TMJ disorder is a trying condition that forces countless Americans to endure jaw pain, chewing difficulties, swelling and headaches. Desperate for help, many sufferers are willing to give nearly any remedy a try. Unfortunately, alternative, non-medicinal treatments such as massage and acupuncture don’t tend to offer permanent relief. That said, new research suggests that one non-medicinal TMJ remedy might offer at least some degree of lasting relief.

Listen to the Beeps

Researchers at the Department of Psychology at Williams College, Massachusetts recently evaluated electromyographic (EMG) biofeedback to see if it would help relieve symptoms of temporomandibular disorder (TMD). In short, EMG biofeedback involves the use of sensors which are placed on a subjects skin to help monitor muscle tension. When muscles are relaxed, the sensors beep slowly; when muscles tense, the sensors beep quickly. By listening the this beeping, TMD sufferers are supposed to develop the ability to relieve their symptoms by learning to relax their muscles.

Did it Work?

After pouring over several studies that tested EMG biofeedback on TMD sufferers, the Williams College researchers discovered that the treatment did offer more relief than placebo remedies. With that being said, this study only proves that, when it comes to relieving symptoms of temporomandibular disorder, EMG biofeedback is simply better than nothing.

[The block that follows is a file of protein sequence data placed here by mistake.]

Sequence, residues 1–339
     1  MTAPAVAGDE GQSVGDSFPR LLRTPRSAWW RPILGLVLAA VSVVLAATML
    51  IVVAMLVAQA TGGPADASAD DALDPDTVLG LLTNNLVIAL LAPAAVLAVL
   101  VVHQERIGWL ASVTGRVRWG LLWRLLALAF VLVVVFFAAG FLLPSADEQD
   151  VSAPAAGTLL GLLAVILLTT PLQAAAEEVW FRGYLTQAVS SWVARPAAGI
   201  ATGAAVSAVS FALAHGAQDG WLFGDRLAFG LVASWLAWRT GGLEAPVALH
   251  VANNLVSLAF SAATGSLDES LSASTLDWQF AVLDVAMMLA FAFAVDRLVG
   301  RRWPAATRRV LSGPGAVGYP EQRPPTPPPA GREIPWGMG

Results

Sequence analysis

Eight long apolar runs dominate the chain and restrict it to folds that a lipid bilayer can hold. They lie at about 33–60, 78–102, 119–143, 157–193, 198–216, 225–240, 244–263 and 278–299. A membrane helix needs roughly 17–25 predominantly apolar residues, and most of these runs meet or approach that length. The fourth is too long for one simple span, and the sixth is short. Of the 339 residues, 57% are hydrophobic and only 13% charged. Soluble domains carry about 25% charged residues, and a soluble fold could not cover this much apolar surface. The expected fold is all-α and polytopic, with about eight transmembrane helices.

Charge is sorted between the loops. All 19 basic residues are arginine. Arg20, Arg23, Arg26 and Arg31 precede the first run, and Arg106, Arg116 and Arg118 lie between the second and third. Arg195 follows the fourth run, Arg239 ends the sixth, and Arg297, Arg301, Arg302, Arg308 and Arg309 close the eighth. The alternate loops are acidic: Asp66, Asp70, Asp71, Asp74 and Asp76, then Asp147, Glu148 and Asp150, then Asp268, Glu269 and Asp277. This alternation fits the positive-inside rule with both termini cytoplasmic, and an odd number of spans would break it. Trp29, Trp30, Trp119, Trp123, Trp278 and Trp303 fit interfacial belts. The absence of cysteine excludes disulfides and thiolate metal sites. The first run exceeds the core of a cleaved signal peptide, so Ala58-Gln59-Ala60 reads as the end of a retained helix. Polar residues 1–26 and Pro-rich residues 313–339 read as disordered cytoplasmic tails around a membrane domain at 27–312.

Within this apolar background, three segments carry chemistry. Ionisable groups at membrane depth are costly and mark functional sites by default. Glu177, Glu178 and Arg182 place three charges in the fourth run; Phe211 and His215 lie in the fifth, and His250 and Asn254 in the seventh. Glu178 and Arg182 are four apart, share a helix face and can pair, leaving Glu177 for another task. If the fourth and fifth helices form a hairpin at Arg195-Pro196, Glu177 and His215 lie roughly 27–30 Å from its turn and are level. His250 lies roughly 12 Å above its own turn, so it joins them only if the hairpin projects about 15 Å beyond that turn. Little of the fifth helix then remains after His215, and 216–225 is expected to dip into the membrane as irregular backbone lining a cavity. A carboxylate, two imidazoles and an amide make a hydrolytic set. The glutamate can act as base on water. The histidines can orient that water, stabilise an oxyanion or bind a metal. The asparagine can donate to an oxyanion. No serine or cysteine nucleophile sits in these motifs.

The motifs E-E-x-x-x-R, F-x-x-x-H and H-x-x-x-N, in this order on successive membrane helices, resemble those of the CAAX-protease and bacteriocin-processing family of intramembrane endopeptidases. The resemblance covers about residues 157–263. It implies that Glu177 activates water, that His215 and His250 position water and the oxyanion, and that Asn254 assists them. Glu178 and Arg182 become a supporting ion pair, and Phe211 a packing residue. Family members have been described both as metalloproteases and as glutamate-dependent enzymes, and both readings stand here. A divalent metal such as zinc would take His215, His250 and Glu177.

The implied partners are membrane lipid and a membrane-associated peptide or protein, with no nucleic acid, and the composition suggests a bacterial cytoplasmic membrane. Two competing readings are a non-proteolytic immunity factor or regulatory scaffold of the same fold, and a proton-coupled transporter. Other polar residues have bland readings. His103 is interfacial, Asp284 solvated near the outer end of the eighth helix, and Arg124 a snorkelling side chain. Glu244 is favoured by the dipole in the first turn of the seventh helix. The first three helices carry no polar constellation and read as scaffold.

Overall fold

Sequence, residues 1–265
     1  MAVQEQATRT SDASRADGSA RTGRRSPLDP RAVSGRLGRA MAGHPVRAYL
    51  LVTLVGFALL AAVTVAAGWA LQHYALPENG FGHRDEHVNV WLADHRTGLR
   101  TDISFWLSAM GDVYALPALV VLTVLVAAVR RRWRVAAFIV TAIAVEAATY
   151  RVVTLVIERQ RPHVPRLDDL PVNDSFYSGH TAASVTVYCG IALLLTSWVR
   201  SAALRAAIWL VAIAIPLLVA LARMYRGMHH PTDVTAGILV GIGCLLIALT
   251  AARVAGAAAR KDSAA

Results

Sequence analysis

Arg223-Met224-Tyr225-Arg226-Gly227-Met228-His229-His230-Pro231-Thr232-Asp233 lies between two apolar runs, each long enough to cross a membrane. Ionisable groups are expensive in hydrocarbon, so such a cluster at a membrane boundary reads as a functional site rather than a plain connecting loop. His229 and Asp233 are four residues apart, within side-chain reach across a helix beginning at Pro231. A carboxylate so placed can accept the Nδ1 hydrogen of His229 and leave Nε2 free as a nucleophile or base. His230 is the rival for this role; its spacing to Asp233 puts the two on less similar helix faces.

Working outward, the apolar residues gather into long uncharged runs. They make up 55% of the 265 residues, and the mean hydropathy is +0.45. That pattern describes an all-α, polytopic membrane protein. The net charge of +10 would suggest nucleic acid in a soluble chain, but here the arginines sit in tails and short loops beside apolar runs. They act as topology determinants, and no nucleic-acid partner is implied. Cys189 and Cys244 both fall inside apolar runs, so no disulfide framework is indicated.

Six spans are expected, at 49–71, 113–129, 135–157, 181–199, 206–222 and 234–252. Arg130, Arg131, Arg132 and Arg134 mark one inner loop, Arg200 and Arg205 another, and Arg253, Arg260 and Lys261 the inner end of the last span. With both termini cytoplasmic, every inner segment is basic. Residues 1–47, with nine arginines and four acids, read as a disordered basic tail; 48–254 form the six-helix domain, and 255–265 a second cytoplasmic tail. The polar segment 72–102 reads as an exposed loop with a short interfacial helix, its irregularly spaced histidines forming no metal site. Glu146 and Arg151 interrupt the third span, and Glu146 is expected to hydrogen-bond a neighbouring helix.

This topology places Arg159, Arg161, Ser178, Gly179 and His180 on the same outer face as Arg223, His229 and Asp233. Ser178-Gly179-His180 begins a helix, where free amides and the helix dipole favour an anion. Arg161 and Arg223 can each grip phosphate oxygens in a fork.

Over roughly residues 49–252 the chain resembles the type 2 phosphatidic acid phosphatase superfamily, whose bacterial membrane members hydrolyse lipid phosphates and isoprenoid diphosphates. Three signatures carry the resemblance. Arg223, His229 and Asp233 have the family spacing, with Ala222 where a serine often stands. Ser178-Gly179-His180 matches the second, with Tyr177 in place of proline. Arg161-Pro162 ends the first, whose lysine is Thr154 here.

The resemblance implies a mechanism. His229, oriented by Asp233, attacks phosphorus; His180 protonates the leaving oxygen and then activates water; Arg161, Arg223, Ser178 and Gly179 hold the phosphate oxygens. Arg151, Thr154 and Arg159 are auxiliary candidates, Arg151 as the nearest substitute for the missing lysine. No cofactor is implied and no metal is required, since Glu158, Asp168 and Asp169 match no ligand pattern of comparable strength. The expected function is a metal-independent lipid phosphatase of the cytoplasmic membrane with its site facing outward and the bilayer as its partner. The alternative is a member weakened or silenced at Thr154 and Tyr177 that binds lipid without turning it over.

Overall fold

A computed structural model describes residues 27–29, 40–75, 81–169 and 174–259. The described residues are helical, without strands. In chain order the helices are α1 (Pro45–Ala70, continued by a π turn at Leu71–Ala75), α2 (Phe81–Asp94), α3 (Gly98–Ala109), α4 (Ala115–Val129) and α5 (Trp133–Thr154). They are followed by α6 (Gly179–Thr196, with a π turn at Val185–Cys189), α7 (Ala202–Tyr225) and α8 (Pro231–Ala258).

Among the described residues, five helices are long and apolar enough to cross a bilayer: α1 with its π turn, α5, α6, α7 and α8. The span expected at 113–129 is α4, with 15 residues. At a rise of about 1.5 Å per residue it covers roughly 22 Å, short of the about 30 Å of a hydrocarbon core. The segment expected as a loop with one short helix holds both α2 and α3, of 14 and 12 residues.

A More Realistic Approach

In the real world, people aren’t likely to find TMD relief by learning to train their muscles through the use of electronic sensors. Contrarily, numerous TMD sufferers have found very real, lasting relief from their symptoms when they find a treatment that addresses the source of their problem: a misaligned bite.

By fixing their bites, Dr. Siegel provides his patients with a permanent solution to chronic TMD symptoms. Why try treatments that only offer temporary relief, when you can enjoy a simple TMD remedy that will permanently relieve your problem by focusing on its root cause? To learn more about this effective treatment strategy, contact Dr. Siegel's office today.

Related article: http://www.ncbi.nlm.nih.gov/pubmed/10425966